Additionally, according to La Cimade, removals were not suspended and were only reduced due to destination countries closing their borders. In consequence, La Cimade stated that people detained in CRAs were deprived of their liberty from mid-March despite the fact that removals could not be effectuated. The source added that despite the Covid-19 pandemic, France had not altered their policies towards removals and immigration detention.

In previous updates on this platform (see 16 July, 12 May, and 6 April), we reported that while the government did not close all CRAs, many were temporarily shut, the latest on 3 April. In addition, the GDP reported that on 29 March, the Conseil d’Etat rejected a request to close CRAs stating that “while the 26 CRAs have a capacity of 1800 spaces, only 350 people were detained by March 2020 and 152 on 27 March 2020.” (see 6 April France update on this platform). On 15 April, we reported that the number of persons detained in CRAs was around 10 percent capacity. In addition, a total of 132 people were removed from 10 different CRAs throughout metropolitan France from March to July. Yet, compared with the number of removals in 2018 (15,677 forced removals, i.e. more than 1,300 per month) and in 2019 (18,096 forced removals, i.e. more than 1,575 per month), the number of removals has thus far been considerably lower so far in 2020.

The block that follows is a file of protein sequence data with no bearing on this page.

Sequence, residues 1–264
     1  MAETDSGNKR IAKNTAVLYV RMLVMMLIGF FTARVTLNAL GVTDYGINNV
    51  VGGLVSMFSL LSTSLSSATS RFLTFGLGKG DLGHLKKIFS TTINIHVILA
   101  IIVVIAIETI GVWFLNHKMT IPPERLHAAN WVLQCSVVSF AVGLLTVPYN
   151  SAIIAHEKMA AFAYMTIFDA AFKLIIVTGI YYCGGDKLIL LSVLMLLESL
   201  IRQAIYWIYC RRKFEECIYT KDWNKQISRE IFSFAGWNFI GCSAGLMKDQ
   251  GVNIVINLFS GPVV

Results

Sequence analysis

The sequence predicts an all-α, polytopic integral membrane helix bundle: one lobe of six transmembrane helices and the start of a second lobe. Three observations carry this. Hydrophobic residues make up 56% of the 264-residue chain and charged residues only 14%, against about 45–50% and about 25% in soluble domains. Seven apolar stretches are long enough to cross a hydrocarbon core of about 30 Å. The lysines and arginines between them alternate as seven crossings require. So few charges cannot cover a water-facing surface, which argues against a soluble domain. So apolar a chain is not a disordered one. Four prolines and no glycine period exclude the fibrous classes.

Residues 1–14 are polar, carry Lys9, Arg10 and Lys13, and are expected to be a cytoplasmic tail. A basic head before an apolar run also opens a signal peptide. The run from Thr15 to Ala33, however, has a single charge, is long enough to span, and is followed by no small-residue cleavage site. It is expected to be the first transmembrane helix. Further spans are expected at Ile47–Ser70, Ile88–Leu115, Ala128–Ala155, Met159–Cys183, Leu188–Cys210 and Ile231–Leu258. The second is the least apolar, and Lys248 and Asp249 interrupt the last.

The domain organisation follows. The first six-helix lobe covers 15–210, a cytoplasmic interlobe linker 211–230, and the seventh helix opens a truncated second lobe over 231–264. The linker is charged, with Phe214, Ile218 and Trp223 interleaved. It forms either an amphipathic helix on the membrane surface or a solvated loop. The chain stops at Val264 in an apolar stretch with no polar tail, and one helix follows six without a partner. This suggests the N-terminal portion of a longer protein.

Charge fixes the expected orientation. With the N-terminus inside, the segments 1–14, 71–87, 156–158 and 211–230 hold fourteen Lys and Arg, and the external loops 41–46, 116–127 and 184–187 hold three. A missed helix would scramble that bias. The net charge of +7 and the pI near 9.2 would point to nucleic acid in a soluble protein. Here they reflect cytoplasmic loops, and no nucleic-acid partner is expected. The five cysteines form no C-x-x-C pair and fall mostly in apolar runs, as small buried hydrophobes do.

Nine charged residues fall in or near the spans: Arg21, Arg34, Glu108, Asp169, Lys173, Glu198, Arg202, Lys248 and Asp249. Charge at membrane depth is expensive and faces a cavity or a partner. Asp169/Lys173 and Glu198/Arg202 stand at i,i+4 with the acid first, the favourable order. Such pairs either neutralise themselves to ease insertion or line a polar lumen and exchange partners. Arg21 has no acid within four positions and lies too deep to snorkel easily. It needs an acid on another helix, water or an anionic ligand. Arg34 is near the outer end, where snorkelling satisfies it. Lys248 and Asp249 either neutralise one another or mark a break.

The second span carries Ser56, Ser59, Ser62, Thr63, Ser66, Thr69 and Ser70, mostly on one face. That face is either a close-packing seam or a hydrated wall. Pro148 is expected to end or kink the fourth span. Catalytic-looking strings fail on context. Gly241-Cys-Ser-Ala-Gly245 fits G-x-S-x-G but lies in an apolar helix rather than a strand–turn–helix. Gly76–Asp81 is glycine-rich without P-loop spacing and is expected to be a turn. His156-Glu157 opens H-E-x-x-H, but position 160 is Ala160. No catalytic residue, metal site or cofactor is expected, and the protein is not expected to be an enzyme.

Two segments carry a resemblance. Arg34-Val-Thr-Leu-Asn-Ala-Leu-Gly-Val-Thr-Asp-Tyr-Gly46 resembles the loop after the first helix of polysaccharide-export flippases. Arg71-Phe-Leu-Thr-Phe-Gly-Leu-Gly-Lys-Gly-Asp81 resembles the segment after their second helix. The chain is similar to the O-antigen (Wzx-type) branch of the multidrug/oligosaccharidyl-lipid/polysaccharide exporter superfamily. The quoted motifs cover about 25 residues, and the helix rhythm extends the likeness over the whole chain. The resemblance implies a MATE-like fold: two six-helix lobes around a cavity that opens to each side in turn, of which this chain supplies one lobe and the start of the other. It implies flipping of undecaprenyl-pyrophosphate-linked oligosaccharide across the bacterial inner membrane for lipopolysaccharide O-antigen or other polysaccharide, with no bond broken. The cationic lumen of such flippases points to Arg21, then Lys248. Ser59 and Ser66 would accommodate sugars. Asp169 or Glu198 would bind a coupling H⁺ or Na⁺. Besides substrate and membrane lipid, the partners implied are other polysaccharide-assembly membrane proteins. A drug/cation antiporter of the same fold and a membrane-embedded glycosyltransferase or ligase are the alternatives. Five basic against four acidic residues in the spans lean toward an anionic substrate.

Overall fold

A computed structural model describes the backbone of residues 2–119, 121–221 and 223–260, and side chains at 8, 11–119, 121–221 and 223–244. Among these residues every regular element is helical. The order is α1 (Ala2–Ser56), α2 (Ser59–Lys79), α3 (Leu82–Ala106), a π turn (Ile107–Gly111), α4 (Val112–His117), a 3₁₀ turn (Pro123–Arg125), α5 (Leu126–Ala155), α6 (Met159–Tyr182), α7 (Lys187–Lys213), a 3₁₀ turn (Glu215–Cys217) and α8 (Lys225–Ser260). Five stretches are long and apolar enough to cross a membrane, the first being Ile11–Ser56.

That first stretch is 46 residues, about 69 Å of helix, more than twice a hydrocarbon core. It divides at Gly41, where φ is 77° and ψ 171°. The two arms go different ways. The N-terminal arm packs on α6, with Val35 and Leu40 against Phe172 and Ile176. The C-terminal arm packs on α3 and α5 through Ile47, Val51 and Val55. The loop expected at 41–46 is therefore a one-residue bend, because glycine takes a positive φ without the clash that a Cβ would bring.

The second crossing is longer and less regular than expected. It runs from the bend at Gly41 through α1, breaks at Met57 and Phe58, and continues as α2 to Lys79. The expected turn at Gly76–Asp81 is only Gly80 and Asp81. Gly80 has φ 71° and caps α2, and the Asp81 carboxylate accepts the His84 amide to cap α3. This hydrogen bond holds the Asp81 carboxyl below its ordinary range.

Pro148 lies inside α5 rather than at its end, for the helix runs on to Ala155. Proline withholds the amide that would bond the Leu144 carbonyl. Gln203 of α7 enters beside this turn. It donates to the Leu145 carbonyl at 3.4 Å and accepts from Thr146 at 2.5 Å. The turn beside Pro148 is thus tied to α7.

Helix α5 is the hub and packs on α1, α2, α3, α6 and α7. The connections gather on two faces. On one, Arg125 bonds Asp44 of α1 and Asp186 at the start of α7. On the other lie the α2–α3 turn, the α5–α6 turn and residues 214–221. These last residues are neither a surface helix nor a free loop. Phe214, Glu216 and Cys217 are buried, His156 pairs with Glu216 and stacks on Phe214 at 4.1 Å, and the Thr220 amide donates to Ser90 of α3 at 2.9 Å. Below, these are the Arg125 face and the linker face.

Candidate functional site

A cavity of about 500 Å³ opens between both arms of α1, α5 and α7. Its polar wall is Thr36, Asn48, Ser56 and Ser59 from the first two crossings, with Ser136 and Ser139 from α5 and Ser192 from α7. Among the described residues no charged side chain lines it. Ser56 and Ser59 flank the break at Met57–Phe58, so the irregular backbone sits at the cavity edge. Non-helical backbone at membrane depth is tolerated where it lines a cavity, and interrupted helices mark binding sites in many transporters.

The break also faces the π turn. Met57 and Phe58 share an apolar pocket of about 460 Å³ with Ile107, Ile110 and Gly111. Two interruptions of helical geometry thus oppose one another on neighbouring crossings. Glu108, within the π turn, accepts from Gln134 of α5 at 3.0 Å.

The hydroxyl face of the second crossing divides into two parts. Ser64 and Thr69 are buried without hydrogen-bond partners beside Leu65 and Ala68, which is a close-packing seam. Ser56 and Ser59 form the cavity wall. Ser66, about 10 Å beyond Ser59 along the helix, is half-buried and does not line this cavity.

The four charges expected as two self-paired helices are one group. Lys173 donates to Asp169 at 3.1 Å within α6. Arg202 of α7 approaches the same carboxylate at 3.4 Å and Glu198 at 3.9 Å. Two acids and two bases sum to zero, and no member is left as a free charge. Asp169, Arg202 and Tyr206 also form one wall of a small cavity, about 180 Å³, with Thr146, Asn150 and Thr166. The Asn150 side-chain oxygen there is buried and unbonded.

In July, Info Migrants reported that a study conducted by the Paris-based INSEE (National Institute of Statistics and Economic Studies) found that “Covid-19 deaths were twice and sometimes three times higher among foreign-born French nationals or residents compared to their French-born counterparts at the height of the pandemic.” In March and April, 129,000 people died (from all causes) compared to 102,800 during the same period last year, an increase of 25 percent attributable to the pandemic. Additionally, the deaths of foreign-born people rose from 22 percent in 2019 to 48 percent in 2020. Info Migrants mentioned that the high death rate among these groups can be partly explained by the fact that immigrant groups in France tend to settle in poorer and more densely populated areas. The study also found that “for people born in France and living in a densely populated commune, deaths between 1 March and 30 April 2020, increased by 39 percent compared to the same period in 2019.” The rate jumped by 76 percent for North Africans and 158 percent for sub-Saharan Africans due to their over-representation in these municipalities.

11 September 2020


Eritrean Refugee Camp in the Tigray Region near the Eritrean Border, (Tiksa Negeri, Reuters,